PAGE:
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- Sen. Tom Coburn vows to slow down budget-busting bills ahead of recess
- Obama fantasizes about more executive power, signs new order on federal contractors
- Clintons call Klein, Halper, Kessler ‘a Hat Trick of despicable actors’: report
- Boehner accuses Obama of ‘legacy of lawlessness’
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- Young adults shun Obamacare mostly due to cost: survey
- Stabbing attack on transgender girl, 15, was ‘bias motivated,’ police say
- LGBT adults still lean overwhelmingly toward Democratic Party
- Lawmakers rattled by Syria genocide horrors, call on Obama to act
Question of the Day
The real Churchill
"'The King's Speech' is an extremely well-made film with a seductive human interest plot, very prettily calculated to appeal to the smarter filmgoer and the latent Anglophile. But it perpetrates a gross falsification of history. One of the very few miscast actors — Timothy Spall as a woefully thin pastiche of Winston Churchill — is the exemplar of this bizarre rewriting. He is shown as a consistent friend of the stuttering prince and his loyal princess and as a man generally in favor of a statesmanlike solution to the crisis of the abdication.
"In point of fact, Churchill was — for as long as he dared — a consistent friend of conceited, spoiled, Hitler-sympathizing Edward VIII. And he allowed his romantic attachment to this gargoyle to do great damage to the very dearly bought coalition of forces that was evolving to oppose Nazism and appeasement. Churchill probably has no more hagiographic chronicler than William Manchester, but if you look up the relevant pages of 'The Last Lion,' you will find that the historian virtually gives up on his hero for an entire chapter."
— Christopher Hitchens, writing on "Churchill Didn't Say That," on Jan. 24 at Slate
"Unequal Technologies, makers of sports equipment including the protective vest that Michael Vick wore this season to protect his ribs, is making Vick the face of their company. It's Vick's first national endorsement deal since he spent 19 months in the pokey for his role in an interstate dogfighting ring. A few months ago, he had done some endorsement work for Woodbury Nissan, but it was just a local gig, and Vick reportedly wasn't paid.
"Before any of that dogfighting mess went down, Vick was one of the most sough-after endorsers in sports. There was the Madden cover, the Michael Vick Experience, Coca-Cola, and a bunch of others. Vick was on TV more than Ryan Seacrest.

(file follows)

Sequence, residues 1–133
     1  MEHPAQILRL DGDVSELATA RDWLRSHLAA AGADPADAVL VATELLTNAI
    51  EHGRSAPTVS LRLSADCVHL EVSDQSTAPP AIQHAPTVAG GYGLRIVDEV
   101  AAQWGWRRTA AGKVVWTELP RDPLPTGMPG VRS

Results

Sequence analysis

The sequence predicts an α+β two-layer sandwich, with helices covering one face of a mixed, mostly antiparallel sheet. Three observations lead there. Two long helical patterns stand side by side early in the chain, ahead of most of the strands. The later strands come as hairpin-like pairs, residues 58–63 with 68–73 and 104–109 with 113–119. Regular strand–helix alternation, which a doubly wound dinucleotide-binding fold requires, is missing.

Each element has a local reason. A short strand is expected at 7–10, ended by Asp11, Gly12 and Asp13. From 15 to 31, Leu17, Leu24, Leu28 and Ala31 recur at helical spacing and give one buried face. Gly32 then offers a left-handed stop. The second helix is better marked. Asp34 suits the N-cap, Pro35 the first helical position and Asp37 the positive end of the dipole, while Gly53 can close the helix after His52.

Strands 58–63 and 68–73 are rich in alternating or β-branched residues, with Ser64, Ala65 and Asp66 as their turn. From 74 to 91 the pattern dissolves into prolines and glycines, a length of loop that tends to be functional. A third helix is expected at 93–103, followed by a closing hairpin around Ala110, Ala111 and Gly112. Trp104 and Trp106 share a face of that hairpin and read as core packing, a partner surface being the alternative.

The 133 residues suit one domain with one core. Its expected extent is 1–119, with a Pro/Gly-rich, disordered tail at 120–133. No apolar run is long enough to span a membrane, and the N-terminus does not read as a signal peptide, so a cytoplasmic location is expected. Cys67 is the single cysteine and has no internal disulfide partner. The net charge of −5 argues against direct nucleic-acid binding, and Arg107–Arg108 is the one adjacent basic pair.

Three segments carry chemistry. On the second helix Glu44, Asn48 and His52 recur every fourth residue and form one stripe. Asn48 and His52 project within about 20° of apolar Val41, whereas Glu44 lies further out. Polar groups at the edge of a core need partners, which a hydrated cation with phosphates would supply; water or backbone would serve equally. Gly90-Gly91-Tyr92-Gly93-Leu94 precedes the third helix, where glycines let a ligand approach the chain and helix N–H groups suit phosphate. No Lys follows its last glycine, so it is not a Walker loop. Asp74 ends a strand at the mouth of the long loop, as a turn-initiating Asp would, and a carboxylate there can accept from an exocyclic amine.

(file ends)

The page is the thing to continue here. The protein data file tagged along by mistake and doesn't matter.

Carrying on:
"Unequal Technologies isn't exactly Nike, so it's not like this means that Vick has snuggled his way back into the hearts of the American public. We don't know yet what the Unequal people plan to do with him, but the company's CEO, Rob Vito, described Vick's earnings on the deal as 'sizable.' … Score one for forgiveness and moving forward. And for capitalism."
— Matthew J. Darnell, writing on "Michael Vick lands a national endorsement deal" on Jan. 26 at the Yahoo Sports blog Shutdown Corner
Chairwoman of Board
"At the same time that his career was apparently falling apart, his affair with Ava Gardner had gone public and by 1951 they were married, a marriage that would last just under two years (a good deal longer than Ava's two previous marriages).
"This well-publicized and subsequently much-analyzed debacle — a series of violent quarrels and passionate (and, eventually, not so passionate) reunions, punctuated by a number of apparently halfhearted suicide attempts or threats on Sinatra's part — has become the crucial episode in capsule lives of Sinatra, in which he plumbs the limits of suffering and emerges a great artist, boyish seductiveness burned away into a harsher and more rueful emotional realism. ('Ava taught him how to sing a torch song,' in Nelson Riddle's formulation.) …
"It might suffice to say that he had met the female Frank Sinatra — a woman he could neither dominate nor leave alone — and leave it at that. In a cold light this pair of ennui-ridden insomniacs might seem a poor substitute for Antony and Cleopatra, but who would want to see them (any more than Antony and Cleopatra) in a cold light? If they exist for us at all it is as figures of myth, or what in this latter era has passed for such."
— Geoffrey O'Brien, writing on "Portrait of the Artist as a Young Man" in the Feb. 10 issue of the New York Review of Books
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